For more on violin bowing techniques, please check out my violin lesson channel on YouTube. The link is on your left at the top.

    Easy violin lessons?

    Is there such a thing as easy violin lessons? This will be explored in this post. Do we get such a thing considering violin is one of the top ten most difficult instruments in the world to play. Easy? Really?

    Many people think that having a couple of violin lessons is easy. It may be easy in the beginning, but the more advanced you become, and the more you learn, the more difficult it becomes. Yes, while easy violin lessons are out there, it usually is not what you think. Violin is not an easy instrument to learn.

    Much technique goes into the violin. A lot of your lesson time will be dedicated to learning all about technique and practicing the technique. Another part of your lesson time will be dedicated to theory. And while it’s easy to take in information, it’s not so easy to apply the information into what we do ourselves.

    Mastering the technique of the violin depends on the dedication and effort you put into the violin. But also in how well you listen when you do start out learning how to play the violin. This is not easy and does not happen fast.

    Easy violin lessons is not something that really exists. But if you put enough time and effort into it, you may actually find that you are learning it relatively easily. For the beginner stages anyway. When you get to positions and more complicated pieces, easy goes out the window and that’s when hours and hours of practice starts to happen. No longer is it easy, now it’s downright hard and frustrating at times.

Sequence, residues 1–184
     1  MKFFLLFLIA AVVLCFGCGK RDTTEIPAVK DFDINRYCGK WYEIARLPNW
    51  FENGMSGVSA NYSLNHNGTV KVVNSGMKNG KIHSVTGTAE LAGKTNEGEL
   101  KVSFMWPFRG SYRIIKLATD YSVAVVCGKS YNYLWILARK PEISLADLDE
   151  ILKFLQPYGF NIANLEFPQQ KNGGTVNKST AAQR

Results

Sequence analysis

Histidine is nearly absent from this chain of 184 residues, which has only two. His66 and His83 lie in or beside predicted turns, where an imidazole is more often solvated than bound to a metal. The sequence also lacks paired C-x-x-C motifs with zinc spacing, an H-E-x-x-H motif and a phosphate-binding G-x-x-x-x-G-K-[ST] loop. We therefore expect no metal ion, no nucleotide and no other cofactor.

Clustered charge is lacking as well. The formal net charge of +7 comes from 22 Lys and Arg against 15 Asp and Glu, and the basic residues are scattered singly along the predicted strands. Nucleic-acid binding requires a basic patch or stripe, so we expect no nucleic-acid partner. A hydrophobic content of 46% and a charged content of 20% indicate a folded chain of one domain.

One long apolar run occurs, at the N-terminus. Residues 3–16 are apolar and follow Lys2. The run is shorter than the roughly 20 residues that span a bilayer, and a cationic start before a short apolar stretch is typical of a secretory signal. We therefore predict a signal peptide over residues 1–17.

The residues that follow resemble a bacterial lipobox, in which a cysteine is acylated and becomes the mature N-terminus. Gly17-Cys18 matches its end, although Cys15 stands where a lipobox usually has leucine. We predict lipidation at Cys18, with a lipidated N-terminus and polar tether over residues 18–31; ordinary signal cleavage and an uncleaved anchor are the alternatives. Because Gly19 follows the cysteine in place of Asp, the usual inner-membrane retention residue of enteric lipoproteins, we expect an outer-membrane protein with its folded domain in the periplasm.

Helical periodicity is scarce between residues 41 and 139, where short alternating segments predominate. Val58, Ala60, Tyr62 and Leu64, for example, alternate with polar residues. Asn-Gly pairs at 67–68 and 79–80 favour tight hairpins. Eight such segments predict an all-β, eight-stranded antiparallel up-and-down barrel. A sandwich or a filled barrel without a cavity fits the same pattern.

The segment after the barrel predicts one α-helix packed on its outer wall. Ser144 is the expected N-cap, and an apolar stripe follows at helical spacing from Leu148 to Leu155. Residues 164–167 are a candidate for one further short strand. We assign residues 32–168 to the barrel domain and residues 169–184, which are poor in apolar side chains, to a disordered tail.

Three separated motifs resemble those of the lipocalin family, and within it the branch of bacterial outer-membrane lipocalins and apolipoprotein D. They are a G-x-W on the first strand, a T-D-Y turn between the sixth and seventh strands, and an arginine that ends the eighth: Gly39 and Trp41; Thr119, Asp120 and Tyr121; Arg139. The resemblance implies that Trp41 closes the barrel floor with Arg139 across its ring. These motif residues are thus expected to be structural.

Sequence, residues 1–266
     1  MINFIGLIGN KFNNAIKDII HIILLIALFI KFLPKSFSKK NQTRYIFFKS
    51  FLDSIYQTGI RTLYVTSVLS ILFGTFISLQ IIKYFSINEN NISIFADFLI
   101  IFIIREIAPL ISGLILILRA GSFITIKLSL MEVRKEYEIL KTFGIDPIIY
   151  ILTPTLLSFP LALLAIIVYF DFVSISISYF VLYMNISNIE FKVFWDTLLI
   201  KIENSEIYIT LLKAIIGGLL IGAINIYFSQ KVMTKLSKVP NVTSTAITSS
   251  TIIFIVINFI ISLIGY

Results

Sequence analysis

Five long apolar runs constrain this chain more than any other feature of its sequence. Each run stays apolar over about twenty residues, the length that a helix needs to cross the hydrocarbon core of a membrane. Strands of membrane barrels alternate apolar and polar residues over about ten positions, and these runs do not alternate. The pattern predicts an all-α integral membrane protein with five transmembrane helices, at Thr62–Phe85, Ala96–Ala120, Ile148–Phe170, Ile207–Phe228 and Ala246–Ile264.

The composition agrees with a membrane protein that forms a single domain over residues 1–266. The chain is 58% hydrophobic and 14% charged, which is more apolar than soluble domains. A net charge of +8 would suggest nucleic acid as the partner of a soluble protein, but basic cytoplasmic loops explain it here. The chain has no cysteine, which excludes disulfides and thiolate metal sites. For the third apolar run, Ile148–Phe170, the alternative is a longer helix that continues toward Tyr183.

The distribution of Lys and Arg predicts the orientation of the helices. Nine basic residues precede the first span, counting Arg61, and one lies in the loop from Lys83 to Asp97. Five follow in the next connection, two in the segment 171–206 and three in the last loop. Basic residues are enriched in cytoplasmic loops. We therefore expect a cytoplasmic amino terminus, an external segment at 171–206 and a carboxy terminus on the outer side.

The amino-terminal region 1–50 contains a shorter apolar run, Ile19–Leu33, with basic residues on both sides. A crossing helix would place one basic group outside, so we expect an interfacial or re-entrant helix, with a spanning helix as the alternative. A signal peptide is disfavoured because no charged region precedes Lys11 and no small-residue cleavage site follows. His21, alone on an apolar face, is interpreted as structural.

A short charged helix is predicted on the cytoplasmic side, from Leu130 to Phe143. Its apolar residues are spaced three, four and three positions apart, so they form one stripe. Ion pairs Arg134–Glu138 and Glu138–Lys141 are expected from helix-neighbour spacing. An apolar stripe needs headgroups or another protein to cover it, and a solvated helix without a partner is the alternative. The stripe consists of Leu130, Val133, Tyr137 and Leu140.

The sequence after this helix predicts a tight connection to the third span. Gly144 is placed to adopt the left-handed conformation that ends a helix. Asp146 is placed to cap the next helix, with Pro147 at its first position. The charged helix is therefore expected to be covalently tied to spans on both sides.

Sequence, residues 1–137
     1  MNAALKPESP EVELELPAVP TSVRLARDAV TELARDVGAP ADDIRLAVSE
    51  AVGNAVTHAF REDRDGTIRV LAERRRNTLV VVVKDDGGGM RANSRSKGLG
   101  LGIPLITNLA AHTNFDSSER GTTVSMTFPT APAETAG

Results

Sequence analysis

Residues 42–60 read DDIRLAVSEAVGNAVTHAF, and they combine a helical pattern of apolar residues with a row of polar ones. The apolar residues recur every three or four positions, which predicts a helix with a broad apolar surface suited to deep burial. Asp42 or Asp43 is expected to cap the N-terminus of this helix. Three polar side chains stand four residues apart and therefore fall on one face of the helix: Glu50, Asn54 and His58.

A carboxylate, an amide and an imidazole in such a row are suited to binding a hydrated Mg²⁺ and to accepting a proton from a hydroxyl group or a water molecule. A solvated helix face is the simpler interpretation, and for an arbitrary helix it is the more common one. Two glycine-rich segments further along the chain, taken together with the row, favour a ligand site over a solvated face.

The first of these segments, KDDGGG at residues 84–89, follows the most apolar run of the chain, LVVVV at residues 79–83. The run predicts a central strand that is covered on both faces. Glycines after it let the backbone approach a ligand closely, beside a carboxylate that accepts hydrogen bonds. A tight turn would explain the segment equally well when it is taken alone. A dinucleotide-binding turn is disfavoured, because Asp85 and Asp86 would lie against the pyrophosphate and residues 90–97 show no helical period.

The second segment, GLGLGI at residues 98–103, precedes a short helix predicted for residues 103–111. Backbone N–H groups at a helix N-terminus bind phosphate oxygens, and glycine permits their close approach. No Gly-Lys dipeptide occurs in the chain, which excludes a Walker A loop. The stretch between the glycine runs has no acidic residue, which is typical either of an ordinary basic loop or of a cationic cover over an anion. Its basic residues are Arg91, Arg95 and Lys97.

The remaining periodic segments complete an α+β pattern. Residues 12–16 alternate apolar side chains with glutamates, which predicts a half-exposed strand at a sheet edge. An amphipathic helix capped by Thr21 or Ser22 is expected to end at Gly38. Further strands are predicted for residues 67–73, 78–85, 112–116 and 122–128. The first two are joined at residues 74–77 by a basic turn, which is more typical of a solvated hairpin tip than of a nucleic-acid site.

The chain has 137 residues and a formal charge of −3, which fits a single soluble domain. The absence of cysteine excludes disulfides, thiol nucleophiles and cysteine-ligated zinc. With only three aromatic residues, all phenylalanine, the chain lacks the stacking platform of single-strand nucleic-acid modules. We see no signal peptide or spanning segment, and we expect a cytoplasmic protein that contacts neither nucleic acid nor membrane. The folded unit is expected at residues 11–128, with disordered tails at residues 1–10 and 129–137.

The different violin strings

    Different violin strings

    When you are just starting out with violin, you may wonder what the four different strings on the violin are. What are the different violin strings called and how do they sound.

    The first violin string is the G string. It is the G below middle C. That is the lowest note of the violin. The Google string in first position is played and ends at middle C or even D. Further positions can take it up to E or even F in the second octave above middle C.

    The next violin string is the D string and ranges from the D above middle C to the A. In different positions it can even go up to the second octave above middle C.

    The next violin string is A. It starts on the A above middle C and goes up to E in first position. Different position can take it up to F in the third octave above middle C.

    The last violin string to mention is the E string. It’s the highest string and starts on the E in the second octave above middle C. It can go all the way up to C in the third octave above middle C.